The poet, painter and engraver, William Blake was born in 1757, to a London haberdasher. Blake’s only formal education was in art. At the age of ten, he entered a drawing school and then at the age of fourteen, he apprenticed to an engraver. ( Abrams & Stillinger 18). Although, much of Blake’s time was spent studying art, he enjoyed reading and soon began to write poetry. Blake’s first book of poems, Poetical Sketches, "showed his dissatisfaction with the reigning poetic tradition and his restless quest for new forms and techniques" ( Abrams & Stillinger 19). Poetical Sketches, was followed by many other works including, Songs of Innocence and Songs of Experience. These series were accompanied by etchings, which depict each of the poems in the two books. Blake was such a revolutionary poet because he used visual agents to emphasize and express his poetry as he set the standards for the Romantic Era in poetry.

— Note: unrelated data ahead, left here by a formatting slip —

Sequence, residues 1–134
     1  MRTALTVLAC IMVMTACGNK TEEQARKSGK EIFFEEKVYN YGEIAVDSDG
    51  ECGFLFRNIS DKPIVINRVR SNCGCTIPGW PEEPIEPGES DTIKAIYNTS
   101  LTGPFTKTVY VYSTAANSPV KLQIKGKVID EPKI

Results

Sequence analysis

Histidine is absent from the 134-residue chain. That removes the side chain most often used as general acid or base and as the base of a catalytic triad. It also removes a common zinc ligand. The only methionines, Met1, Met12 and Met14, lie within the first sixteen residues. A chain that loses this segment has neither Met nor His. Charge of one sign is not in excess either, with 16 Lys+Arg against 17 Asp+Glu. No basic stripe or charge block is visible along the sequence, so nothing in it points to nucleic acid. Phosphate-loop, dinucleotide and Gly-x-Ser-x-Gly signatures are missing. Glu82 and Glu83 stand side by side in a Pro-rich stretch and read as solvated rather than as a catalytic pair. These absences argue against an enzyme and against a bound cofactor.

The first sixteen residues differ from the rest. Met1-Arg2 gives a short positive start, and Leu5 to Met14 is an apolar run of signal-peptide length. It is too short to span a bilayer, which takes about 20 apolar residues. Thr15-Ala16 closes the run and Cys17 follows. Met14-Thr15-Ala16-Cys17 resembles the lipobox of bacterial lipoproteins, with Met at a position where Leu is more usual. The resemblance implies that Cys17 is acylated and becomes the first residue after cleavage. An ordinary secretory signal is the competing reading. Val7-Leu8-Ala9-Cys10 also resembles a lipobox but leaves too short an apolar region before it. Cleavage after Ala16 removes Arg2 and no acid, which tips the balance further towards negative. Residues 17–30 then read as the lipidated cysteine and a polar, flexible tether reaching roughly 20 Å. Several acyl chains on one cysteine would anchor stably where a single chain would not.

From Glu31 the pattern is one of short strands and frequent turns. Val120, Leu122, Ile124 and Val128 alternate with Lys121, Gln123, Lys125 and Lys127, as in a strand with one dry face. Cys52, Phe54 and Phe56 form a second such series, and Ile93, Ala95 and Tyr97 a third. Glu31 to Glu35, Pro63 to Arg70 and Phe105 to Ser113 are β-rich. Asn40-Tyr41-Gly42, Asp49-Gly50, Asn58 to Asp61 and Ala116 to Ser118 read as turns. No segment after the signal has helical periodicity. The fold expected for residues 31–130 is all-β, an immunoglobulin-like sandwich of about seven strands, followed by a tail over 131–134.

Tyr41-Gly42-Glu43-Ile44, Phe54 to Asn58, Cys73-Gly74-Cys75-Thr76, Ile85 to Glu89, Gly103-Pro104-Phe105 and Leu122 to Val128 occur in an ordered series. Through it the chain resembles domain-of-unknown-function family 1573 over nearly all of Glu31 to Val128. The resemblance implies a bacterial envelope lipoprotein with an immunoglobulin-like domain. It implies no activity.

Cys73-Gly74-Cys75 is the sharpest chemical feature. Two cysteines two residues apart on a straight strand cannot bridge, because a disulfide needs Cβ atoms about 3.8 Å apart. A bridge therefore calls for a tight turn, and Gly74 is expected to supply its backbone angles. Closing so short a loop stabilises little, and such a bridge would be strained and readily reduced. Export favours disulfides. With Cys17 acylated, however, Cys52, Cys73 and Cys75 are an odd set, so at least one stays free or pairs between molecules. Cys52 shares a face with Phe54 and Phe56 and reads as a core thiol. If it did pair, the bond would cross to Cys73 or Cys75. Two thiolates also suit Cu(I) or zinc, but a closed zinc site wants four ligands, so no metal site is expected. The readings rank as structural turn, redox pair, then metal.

Blake was influenced by religion very early in his life. "At the age of ten, Blake tried to convince his father that he had seen angels in a tree, and, he asserted through the rest of his life, that he spoke with many of the spirits, angels and devils that he wrote about" (Union 1). Blake’s strong religious faith has a great impact on his life and we can see the religious overtones in much of his work. Blake was a strong believer of the spirit world, which enables us to relate his work to the Romantic poet’s incorporation of an imminent god into their poetry.
The Romantic form of poetry gained its popularity in the late 18’th century. "Romanticism can be seen as a rejection of the precepts of order, calm, harmony, balance, idealization and rationality that typified Classicism in general and late 18’th...
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